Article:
Sid - Instagram has been big for us, Facebook a little less so, TripAdvisor was very important for foreign guests. When the pandemic hit, our client demographic shifted dramatically. Before we were ~90% foreign guests and of course that shut down completely with COVID-19. What we realised was that our domestic guests had a far different profile than our foreign guests, they were 10-15 years younger on average, much more technologically savvy, more likely to book through online platforms than traditional travel agents etc. So in that regard focusing on AirBnB and Instagram really helped us pivot and market more directly to domestic guests. 

Outside of that, we have had a lot of great coverage from traditional media, whether Conde Nast’s magazines, Nat Geo or the BBC which did the 4th season of their hit UK television show “The Real Marigold Hotel” in Pondicherry and were hosted at Gratitude.

YC - What according to you is the USP of your product or service, for which your customers come back to you?

Sid - The first impression would be the visual aesthetic of the architecture and interior design, but the structure is only the shell. What gives Gratitude its true essence is the quiet joy and peace that gives this home a healing atmosphere. It is rare to find a place of quietude inviting one to contemplation, an inner journey without compromising on comfort. All our staff are long-term and trained to be hospitable but never intrusive.

To put it more simply, Gratitude offers a genuine feeling of home but with the comforts and luxury of a boutique hotel, all wrapped within a beautiful space and a unique serene ambience that guests keep coming back for.

YC -Can you elaborate on the challenges you faced in promoting your business?

Sid - Trying to find the right channels for the right clientele. The house is built around an internal courtyard, so if we get guests that are inconsiderate to others or have different priorities then the whole ambience of Gratitude is lost. For example, we only allow children under 12 if the parents contact us by email/phone and show that they understand the type of place we are. We’ve had to find ways of discouraging the “party crowd” that comes to Pondicherry from the nearby cities for the lower alcohol rates.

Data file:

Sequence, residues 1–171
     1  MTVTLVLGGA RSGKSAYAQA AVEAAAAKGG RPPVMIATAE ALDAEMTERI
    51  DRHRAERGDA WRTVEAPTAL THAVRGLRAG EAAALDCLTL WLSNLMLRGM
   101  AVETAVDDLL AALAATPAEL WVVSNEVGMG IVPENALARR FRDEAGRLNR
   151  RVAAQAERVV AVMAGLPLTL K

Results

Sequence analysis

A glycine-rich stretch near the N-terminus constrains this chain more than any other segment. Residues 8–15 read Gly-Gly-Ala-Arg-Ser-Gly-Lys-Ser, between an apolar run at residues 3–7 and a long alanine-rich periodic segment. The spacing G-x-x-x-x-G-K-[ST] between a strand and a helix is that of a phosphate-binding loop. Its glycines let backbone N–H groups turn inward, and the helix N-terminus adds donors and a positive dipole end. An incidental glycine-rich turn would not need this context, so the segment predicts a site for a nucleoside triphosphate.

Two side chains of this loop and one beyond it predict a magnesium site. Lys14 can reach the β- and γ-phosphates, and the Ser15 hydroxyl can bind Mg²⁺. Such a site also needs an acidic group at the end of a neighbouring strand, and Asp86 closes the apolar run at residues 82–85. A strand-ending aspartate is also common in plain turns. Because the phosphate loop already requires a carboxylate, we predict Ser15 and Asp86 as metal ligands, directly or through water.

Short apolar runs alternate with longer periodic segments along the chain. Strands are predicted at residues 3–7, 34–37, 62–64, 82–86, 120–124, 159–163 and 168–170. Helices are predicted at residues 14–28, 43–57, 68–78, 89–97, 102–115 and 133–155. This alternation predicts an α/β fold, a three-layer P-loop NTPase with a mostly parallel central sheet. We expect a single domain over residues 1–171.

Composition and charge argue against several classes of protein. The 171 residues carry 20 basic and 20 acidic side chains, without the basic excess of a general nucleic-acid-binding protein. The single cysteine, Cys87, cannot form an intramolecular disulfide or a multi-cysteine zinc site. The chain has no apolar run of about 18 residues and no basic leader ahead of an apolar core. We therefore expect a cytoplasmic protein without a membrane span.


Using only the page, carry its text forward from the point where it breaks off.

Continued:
So being able to promote to the largest possible demographic while still maintaining our USP is a constant challenge.   

YC - Do you use any tools or software to manage your business? Is there any problem in your day to day operations that you wish could be solved with the help of software?

Sid - We use a channel manager and central reservation software for our booking from different sources. Other than that not much other than publicly available productivity software like Google Keep/Tasks/Calendar etc to manage maintenance and other tasks. 

YC - What is the current traction? Can you share some numbers on your order volume, number of customers and revenue?

Sid - Given the pandemic and the hit on the hospitality industry, we have managed fairly well all things considered. We have managed to successfully pivot from a primarily foreign demographic to a local one, targeting the three cities of Chennai, Hyderabad and Bangalore to leverage the more local travel options that are available due to pandemic restrictions. We’ve had around 50% occupancy rate averaged out, which is lower than traditional years but given the circumstances is much better than what we had projected at the beginning of the pandemic. 

YC - Based on your experience so far would you have any advice for new Entrepreneurs.

Sid -

“Be flexible but only to a point, never compromise on your core USP/ethos. Keep the focus on the problem you are trying to solve, it’s easy to lose that when thinking about the solution or execution of that solution. Invest in people, they are your greatest resource.”